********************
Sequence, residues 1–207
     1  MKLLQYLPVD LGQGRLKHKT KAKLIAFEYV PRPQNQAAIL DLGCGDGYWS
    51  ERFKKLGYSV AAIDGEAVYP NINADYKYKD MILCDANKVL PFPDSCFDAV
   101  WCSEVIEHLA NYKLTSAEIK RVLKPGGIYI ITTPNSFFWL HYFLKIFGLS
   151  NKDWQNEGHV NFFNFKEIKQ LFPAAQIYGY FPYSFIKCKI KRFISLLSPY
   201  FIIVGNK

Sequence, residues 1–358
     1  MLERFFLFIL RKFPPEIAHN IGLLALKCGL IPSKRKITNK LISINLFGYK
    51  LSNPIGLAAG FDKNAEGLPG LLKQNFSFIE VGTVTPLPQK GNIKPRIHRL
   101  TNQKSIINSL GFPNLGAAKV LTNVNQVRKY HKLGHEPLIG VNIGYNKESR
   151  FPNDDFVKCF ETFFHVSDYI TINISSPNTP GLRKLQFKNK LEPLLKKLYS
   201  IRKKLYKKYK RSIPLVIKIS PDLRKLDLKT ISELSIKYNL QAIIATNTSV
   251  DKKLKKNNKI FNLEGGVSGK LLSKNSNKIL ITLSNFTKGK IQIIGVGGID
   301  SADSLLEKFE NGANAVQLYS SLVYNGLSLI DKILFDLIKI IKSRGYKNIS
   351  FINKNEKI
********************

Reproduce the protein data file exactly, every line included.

Sequence, residues 1–207
     1  MKLLQYLPVD LGQGRLKHKT KAKLIAFEYV PRPQNQAAIL DLGCGDGYWS
    51  ERFKKLGYSV AAIDGEAVYP NINADYKYKD MILCDANKVL PFPDSCFDAV
   101  WCSEVIEHLA NYKLTSAEIK RVLKPGGIYI ITTPNSFFWL HYFLKIFGLS
   151  NKDWQNEGHV NFFNFKEIKQ LFPAAQIYGY FPYSFIKCKI KRFISLLSPY
   201  FIIVGNK

Sequence, residues 1–358
     1  MLERFFLFIL RKFPPEIAHN IGLLALKCGL IPSKRKITNK LISINLFGYK
    51  LSNPIGLAAG FDKNAEGLPG LLKQNFSFIE VGTVTPLPQK GNIKPRIHRL
   101  TNQKSIINSL GFPNLGAAKV LTNVNQVRKY HKLGHEPLIG VNIGYNKESR
   151  FPNDDFVKCF ETFFHVSDYI TINISSPNTP GLRKLQFKNK LEPLLKKLYS
   201  IRKKLYKKYK RSIPLVIKIS PDLRKLDLKT ISELSIKYNL QAIIATNTSV
   251  DKKLKKNNKI FNLEGGVSGK LLSKNSNKIL ITLSNFTKGK IQIIGVGGID
   301  SADSLLEKFE NGANAVQLYS SLVYNGLSLI DKILFDLIKI IKSRGYKNIS
   351  FINKNEKI